You may have noticed that there’s a lot of talk about cooperation and negotiation when you are going through a divorce. You hear it from lawyers, mediators, judges, teachers, family members, and well-meaning friends who have been there. It probably feels pretty contradictory right now, doesn’t it? You may be thinking “If we were able to cooperate, we wouldn’t be getting a divorce.” Your frustration is understandable. Unfortunately, it doesn’t change the fact that negotiating and cooperating with one another is the most effective way to get through your divorce. This is especially true when there are children involved.
Creating a Parenting Plan as Co-Parents
Parenting plans address custody and visitation arrangements for children of separation and divorce. But they can also do much more than merely set schedules for time with your children. Parenting plans are the blueprint for how you and your ex will parent, teach, support, and care for your kids as co-parents. This agreement is an essential component of your new lives apart. It’s an opportunity to put your children’s needs first, and to develop supportive, loving environments in which they are able to thrive.
- Your child’s unique traits – Develop a plan that caters to your child’s age, maturity, personality, and needs.
- Consistency – Children fare better when they know what to expect. Try to create a routine that they can depend on.
- Involvement – Your child needs both of you, and quality time is paramount. Sometimes, it’s necessary to make concessions to your ex’s schedule to support your child’s need for time with each of you.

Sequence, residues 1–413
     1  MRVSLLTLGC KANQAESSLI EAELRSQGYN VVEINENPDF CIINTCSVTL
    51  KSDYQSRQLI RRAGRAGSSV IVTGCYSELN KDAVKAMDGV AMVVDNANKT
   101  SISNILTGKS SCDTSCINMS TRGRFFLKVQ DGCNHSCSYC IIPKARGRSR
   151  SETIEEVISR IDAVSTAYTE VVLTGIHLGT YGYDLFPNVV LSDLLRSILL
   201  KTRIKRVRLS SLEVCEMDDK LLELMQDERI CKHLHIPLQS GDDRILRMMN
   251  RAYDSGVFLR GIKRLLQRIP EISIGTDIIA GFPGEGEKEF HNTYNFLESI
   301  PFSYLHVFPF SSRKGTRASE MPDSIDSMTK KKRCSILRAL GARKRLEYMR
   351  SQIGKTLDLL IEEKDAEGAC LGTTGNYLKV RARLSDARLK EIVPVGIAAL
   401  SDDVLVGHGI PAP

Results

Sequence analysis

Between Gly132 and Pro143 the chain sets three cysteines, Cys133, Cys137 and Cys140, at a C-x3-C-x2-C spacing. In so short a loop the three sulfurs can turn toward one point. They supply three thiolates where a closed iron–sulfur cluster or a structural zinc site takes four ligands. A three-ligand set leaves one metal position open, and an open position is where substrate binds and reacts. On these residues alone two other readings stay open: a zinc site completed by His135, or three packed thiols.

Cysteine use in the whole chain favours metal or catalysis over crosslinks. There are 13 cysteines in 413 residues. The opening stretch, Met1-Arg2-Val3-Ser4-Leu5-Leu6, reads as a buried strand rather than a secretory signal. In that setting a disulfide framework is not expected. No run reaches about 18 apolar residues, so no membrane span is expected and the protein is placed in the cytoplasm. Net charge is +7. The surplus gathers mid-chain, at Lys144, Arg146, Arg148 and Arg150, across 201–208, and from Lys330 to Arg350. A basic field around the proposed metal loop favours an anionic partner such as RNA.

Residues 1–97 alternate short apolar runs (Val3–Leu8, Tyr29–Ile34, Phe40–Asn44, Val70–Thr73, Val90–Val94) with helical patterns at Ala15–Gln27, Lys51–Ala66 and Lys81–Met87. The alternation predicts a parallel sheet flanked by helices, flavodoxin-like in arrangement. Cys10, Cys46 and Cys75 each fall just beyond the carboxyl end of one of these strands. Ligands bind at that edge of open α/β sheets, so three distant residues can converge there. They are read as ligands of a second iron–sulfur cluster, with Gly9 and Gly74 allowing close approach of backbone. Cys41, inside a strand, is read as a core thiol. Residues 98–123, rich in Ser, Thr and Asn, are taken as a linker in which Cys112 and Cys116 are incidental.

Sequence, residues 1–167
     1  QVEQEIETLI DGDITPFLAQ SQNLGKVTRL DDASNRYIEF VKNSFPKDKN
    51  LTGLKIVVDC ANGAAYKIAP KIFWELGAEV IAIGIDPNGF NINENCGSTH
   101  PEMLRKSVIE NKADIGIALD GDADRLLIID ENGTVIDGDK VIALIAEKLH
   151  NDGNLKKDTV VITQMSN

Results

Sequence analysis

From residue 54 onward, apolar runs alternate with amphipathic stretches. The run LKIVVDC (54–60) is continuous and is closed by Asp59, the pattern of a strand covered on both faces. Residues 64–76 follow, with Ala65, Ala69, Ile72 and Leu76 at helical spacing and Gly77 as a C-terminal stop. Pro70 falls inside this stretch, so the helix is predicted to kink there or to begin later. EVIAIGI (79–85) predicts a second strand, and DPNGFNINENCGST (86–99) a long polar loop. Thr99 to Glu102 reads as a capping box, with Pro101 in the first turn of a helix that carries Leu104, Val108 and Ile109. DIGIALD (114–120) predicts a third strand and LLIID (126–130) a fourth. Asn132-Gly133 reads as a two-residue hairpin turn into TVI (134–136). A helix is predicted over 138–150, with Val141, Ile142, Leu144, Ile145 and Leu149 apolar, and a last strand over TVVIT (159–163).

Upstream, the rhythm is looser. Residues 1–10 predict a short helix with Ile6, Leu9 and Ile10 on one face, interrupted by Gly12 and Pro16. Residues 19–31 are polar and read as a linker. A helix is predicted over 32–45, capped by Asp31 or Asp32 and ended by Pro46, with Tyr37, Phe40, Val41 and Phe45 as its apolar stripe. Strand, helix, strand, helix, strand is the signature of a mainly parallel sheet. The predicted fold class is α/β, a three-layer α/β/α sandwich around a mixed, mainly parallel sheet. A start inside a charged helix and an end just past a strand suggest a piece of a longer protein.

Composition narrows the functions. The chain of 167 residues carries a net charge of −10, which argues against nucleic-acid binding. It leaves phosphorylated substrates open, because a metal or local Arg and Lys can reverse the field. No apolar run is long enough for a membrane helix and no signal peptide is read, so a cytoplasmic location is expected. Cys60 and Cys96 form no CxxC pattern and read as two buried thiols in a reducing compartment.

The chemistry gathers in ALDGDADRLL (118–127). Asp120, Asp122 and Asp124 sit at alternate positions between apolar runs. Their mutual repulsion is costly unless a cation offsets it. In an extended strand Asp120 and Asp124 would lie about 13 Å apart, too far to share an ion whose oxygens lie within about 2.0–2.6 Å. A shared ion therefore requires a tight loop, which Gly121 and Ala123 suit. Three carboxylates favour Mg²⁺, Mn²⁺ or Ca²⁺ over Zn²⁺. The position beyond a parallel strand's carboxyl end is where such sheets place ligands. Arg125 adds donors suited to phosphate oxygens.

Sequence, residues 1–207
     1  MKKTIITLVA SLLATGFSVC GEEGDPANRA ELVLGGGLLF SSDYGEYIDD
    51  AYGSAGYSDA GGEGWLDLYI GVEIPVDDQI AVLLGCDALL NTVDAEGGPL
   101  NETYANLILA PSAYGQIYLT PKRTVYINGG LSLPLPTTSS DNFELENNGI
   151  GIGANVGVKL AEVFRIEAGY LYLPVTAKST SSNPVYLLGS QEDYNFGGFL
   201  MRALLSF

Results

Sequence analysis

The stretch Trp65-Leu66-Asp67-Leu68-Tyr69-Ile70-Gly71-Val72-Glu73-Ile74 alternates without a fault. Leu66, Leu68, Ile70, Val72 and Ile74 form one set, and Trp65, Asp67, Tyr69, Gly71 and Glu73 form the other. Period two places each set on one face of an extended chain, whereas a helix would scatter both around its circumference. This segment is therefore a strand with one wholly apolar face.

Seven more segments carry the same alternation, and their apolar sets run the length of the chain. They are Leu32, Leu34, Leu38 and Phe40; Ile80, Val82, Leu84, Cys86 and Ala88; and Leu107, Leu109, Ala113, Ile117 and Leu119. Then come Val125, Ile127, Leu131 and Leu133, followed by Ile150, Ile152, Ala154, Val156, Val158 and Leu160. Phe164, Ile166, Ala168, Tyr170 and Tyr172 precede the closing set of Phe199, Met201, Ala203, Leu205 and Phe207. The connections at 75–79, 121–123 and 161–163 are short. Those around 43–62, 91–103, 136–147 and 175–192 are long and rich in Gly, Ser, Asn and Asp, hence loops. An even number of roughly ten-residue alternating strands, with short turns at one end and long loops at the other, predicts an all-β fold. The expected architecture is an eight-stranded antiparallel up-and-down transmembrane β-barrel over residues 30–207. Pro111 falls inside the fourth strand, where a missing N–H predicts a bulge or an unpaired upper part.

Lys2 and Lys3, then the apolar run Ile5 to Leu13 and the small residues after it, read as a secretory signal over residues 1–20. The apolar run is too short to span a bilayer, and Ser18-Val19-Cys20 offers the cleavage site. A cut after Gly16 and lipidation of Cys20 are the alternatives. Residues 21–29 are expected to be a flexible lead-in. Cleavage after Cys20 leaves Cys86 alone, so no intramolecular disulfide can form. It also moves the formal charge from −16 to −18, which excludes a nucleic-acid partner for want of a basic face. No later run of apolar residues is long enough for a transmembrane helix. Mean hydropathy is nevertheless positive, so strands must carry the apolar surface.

- Flexibility – No parenting plan is the same, because no family is the same. Strive for an open-mind and be accepting of creative ways to co-parent.
- Forethought – Things will change. Children will grow. Keep this in mind when developing your PP. Whether you include an option of revisiting the plan when certain events occur, or you address future eventualities now, be sure to address it.
- Practicality – Be truthful about the time that each of you can realistically spend with your children. Don’t allow potential child support amounts to influence your schedules.
- Communication – This envelops your communication with your ex and your child’s communication with both of you.
- Decision-making – There will small day-to-day choices and big momentous decisions over the years. Decide now how to address them.
- Conflicts – Like decision-making, conflicts are fairly inevitable. Create a solution you can both turn to, such as mediation.
This is merely a starting point for creating a tailored PP that works for your new family arrangement. There is virtually no limit to the issues, concerns, and specifics that you can both negotiate in your plan. If you find that cooperation and negotiation are stalling, it can be helpful to turn to a professional for help, such as an experienced California family law attorney.
Sources: http://www.mccoyfatula.com/family-law/child-custody-support/, http://www.courts.ca.gov/15872.htm